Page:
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Well, I dont want to sell myself short, I think I have some pretty cool ideas, and I don't consider myself by and large a stupid individual. But I also realize that part of the power of the BoA editor is it can be fairly low level. You can get into the guts of things. This means you are essentially programming a game, even though the tools makes it a hell of a lot easier than starting from scratch. This is still a tall order, especially considering that any time I've tried to learn a programming language ive failed miserably. I just realize that its probably very complex just to get one scripted NPC working.

I would like to start with maps for no other reason than I like maps. I like reading them and making them. When I used to make D&D campaigns, I was unusual in that I would begin with a map, then go from there. I guess I'm just a very visual oriented person.
quote:
Originally written by Ephesos:

Wow... a new designer who actually wants to start small. I am truly impressed.

As Kelandon said, check out all the wonderful FAQs. Of course, that can make your head spin after a while, so don't hesitate to just make a test scenario and fiddle around with stuff before launching into a full-scale scenario.

We're all here to help. Good luck in your designing.

EDIT: And I also feel that I should support the idea of planning out scenarios beforehand. I went into writing my only BoA scenario rather unsure of how it was all going to play out, and I wound up improvising an ending due to a pressing contest deadline. I don't recommend it... if only because I really didn't like the first release version of my scenario.



[ Monday, March 27, 2006 17:01: Message edited by: Grignard ]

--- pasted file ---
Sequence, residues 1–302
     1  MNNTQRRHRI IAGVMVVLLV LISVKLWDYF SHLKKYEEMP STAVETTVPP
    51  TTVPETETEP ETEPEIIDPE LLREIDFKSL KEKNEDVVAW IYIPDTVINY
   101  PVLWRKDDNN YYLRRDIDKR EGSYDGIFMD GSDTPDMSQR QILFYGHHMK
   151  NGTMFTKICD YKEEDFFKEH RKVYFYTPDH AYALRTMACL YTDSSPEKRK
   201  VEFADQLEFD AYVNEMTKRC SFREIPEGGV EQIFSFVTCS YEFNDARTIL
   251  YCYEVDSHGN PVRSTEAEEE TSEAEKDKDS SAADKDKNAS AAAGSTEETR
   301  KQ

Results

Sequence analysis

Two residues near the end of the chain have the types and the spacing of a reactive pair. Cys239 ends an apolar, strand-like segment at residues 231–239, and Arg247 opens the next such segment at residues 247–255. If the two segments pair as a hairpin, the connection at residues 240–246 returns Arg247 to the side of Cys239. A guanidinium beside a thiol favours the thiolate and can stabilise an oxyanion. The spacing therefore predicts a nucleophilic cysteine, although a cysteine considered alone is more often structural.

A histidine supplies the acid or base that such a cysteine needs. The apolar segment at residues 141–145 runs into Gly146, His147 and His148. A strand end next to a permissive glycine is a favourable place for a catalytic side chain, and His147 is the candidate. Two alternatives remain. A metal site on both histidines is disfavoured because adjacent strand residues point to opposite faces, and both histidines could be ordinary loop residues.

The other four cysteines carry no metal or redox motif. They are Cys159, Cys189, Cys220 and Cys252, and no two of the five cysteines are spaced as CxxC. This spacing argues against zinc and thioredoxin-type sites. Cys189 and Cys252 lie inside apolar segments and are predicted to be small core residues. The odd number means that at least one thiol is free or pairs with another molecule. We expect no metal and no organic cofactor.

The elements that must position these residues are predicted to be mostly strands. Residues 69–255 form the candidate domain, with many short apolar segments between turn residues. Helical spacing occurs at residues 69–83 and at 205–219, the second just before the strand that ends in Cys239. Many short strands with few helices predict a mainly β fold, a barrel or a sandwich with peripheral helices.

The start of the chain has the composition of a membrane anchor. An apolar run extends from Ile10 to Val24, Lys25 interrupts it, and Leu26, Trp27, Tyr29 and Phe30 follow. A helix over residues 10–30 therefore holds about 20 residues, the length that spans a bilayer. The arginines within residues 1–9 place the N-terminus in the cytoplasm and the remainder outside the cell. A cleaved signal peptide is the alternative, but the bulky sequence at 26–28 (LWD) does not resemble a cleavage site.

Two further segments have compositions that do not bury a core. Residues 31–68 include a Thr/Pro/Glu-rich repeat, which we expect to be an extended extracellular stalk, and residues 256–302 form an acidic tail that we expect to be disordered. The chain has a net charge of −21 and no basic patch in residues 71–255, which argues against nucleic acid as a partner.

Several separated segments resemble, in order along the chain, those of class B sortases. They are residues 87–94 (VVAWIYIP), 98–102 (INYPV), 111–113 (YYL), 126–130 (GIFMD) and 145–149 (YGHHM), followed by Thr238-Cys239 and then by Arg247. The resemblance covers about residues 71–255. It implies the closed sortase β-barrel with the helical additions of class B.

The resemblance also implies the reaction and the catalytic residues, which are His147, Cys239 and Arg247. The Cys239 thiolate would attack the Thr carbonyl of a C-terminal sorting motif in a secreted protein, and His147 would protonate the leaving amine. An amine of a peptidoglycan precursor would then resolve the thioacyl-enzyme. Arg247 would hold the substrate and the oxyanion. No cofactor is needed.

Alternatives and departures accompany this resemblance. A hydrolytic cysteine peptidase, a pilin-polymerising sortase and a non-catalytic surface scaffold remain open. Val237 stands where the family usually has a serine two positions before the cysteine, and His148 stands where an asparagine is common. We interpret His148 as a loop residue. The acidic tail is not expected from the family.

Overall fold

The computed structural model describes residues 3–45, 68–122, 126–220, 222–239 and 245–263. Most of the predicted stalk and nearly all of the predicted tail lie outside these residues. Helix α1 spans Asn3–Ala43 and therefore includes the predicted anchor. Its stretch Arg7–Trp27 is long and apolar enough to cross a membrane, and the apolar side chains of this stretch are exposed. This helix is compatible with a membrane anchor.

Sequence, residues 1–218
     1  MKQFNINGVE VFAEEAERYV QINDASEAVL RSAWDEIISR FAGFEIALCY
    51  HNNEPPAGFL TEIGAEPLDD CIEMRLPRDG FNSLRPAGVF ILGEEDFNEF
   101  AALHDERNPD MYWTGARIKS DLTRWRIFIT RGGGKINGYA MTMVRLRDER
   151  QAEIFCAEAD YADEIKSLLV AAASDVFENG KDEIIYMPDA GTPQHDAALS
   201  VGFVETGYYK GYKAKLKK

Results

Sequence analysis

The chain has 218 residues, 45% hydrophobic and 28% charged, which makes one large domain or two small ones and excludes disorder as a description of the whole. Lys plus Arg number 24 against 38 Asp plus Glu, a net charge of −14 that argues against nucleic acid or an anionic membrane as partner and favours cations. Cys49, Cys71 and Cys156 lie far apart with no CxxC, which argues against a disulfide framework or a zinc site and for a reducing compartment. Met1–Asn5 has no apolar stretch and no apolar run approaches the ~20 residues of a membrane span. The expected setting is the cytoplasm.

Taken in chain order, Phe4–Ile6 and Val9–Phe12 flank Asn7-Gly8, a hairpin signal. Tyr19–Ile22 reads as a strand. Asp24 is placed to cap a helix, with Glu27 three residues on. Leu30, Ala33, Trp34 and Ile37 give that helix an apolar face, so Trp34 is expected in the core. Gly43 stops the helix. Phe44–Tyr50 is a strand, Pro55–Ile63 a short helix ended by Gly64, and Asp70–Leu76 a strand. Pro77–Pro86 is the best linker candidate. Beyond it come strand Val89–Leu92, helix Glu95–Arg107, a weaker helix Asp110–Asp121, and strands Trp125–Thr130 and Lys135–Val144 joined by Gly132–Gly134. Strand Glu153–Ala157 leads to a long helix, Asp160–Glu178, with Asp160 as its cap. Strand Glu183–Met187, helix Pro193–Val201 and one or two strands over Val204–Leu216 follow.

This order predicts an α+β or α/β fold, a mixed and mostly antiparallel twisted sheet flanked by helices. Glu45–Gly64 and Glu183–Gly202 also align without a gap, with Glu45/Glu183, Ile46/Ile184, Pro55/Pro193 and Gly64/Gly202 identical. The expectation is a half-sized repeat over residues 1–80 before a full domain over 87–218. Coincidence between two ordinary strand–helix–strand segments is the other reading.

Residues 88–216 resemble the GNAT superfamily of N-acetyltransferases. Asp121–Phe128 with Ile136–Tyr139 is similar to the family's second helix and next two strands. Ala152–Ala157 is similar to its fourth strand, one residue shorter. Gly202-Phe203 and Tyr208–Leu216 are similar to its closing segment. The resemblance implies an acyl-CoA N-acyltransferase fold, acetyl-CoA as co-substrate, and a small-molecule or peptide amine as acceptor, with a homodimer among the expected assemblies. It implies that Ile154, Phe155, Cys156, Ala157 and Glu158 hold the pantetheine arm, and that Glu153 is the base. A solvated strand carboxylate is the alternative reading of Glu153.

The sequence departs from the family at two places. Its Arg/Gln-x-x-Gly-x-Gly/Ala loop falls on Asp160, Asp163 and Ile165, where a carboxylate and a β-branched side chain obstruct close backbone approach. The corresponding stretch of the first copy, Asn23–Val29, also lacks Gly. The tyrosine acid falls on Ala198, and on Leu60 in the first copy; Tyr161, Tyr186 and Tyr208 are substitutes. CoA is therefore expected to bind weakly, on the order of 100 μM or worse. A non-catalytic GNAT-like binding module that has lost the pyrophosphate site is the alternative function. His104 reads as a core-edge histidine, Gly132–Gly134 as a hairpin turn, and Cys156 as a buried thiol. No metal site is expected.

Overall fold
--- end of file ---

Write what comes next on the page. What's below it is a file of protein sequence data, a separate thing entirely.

Posts: 23 | Registered: Saturday, September 6 2003 07:00
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Making a map is not at all a bad place to start.
I'm a big fan of flowcharts, myself; but you actually need a story first, right?

My advice as a current first-time writer (though Kel already mentioned this) is to play the scenarios that are already available, and to look through what makes them tick, if you find them interesting.
Check out the stuff that is available: individual webpages, the Louvre, the Codex, and other resource sites, for example. Why try to come up with stuff of your own if someone else has created what you need, right?

Remember, everyone on this forum is available to help, whether for scripting, testing, or just idea bouncing.

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Posts: 735 | Registered: Monday, January 16 2006 08:00
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quote:
Originally written by Lenar Labs:

My advice as a current first-time writer (though Kel already mentioned this) is to play the scenarios that are already available, and to look through what makes them tick, if you find them interesting.
Quite good advice, really. Sometimes you just run up against something that makes you wonder, "What if x, y, and z bounced off this idea?" Say you wanted to know what happens to Vahkhos between DwtD and becoming head of the Aizoan Empire (this will only make sense if you've read the RP in General), or you want to follow the Slith Wars of ZKR's time period. You can make a scenario set somewhere new, which just explores those old ideas.

quote:
Originally written by Lenar Labs:

The Silent Assassin is currently at work on a grass-shortening device.
I want to know where all of my lawn chemicals went.